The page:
By 2050, two-thirds of the planet’s population will live in urban centers, and nearly 90 percentof the 2.5 billion new urban dwellers will live in Africa and Asia. The world’s urban areas wereresponsible for around 70 percent of greenhouse gas (GHG) emissions in 2013, and that numbercould grow by 50 percent by 2050 if current trends continue. In 2015, world leaders committed to limiting the global temperature increase to well below 2 degrees Centigrade and to pursuing efforts to reach a 1.5 degrees Centigrade limit in the context of the Paris Agreement under the United Nations Framework Convention on Climate Change (UNFCCC). The Paris Agreement invitescities to scale up climate action, and over two-thirds of participating countries’ Nationally Determined Contributions (NDCs) mention urban action. More than 70 percent of the global low emissions and climate-resilient infrastructure will be built in urban areas, at an estimated cost of 4.5 to 5.4 trillion USD per year. As highlighted by the Cities Climate Finance Leadership Alliance (CCFLA), scarce climate finance resources must be used strategically to both increase the amount of funding available and as part of a process of enabling and levering existing and new financing to flow from a broad range of sources, most importantly from the private sector. It is essential for cities to diversify and blend their sources of finance and tap the full spectrum of resources available to raise funds for climate action. However, successful funding for climate action—notably in developing countries—needs to overcome barriers such as the lack of creditworthiness of subnational governments, insufficient access to capital markets and international mechanisms, and lack of financial and technical skills and human resources.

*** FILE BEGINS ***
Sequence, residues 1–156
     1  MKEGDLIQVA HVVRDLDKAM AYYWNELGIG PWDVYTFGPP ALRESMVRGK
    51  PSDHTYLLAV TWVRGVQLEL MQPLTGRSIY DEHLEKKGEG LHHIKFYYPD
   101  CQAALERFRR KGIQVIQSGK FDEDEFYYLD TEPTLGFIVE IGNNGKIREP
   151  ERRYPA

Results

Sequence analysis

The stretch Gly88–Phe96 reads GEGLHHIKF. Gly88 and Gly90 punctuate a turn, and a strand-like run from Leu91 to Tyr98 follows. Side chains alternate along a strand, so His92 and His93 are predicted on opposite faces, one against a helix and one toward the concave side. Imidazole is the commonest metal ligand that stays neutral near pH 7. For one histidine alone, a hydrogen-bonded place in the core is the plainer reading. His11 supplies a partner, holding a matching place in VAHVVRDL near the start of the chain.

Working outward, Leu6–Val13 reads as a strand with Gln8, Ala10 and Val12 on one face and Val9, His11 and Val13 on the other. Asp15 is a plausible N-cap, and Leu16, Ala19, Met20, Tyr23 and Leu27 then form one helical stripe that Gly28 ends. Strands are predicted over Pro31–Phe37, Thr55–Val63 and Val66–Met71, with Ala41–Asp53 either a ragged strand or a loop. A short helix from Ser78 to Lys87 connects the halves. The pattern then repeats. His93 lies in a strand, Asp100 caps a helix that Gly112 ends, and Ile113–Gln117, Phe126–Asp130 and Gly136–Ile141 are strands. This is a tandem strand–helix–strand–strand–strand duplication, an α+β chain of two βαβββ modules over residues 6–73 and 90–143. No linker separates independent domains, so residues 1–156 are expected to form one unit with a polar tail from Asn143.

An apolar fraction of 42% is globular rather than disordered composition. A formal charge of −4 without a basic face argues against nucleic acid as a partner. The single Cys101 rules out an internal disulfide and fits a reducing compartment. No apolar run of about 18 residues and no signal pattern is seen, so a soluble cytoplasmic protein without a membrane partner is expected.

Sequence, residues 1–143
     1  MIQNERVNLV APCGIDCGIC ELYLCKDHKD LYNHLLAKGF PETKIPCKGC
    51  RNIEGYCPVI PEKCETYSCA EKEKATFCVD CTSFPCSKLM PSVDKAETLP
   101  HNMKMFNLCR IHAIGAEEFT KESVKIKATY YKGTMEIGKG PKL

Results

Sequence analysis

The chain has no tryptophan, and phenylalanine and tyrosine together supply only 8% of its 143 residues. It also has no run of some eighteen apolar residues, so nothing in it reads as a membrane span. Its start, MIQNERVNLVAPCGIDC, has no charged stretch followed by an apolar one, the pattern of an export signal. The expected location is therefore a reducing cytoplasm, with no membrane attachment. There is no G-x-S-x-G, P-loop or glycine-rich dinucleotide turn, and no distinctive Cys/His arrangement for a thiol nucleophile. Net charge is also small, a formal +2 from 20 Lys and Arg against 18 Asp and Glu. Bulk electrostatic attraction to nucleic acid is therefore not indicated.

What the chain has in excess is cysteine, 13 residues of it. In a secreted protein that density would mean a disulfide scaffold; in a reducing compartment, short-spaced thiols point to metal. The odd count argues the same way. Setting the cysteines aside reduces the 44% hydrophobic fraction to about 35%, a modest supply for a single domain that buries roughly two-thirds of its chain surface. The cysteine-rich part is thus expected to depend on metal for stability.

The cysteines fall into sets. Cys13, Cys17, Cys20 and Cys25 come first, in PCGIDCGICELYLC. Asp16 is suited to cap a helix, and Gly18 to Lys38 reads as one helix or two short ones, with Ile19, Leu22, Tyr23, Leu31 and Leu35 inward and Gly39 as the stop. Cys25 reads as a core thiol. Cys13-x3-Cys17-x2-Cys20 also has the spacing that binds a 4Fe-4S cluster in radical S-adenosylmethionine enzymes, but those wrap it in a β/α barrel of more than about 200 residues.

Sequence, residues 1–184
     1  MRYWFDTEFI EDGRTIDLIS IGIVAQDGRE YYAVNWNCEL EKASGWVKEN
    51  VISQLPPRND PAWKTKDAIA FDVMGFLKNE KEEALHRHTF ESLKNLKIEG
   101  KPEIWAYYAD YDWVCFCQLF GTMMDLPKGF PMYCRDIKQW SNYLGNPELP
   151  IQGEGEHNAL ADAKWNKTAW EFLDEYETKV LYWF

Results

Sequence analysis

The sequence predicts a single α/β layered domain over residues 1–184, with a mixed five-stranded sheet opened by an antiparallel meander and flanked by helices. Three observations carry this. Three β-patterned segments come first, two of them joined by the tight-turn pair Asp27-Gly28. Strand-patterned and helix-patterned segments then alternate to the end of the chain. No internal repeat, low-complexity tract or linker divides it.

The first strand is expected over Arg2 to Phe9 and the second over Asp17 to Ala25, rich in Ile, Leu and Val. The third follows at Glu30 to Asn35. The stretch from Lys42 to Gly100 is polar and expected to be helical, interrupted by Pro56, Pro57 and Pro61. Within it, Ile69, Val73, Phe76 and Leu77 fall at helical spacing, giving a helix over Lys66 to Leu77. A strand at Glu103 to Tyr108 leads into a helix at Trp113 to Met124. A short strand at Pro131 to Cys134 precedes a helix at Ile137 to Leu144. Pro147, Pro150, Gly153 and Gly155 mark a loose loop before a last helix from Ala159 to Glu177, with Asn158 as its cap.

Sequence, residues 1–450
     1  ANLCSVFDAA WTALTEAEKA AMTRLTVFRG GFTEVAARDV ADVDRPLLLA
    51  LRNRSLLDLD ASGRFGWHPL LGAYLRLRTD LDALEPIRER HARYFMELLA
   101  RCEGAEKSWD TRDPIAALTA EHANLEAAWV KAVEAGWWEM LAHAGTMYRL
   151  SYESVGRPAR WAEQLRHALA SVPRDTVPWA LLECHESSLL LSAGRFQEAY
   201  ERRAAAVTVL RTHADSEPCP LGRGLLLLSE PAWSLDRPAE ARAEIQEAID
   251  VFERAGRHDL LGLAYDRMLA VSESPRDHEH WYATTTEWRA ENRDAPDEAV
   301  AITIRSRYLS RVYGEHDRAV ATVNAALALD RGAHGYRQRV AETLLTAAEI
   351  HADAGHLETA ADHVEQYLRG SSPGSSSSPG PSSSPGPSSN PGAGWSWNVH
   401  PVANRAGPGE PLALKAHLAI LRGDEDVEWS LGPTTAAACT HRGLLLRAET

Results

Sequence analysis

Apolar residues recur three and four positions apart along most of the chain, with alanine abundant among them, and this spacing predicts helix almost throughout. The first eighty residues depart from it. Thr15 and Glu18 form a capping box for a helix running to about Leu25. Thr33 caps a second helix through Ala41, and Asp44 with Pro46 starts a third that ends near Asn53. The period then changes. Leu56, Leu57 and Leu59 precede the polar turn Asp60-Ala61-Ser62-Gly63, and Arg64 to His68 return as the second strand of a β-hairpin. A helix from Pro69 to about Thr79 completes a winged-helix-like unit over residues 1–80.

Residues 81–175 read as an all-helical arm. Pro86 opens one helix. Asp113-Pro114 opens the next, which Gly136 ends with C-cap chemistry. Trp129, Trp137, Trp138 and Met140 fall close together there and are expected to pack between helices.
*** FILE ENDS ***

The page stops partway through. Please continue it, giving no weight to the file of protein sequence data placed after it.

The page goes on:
Source: World Bank
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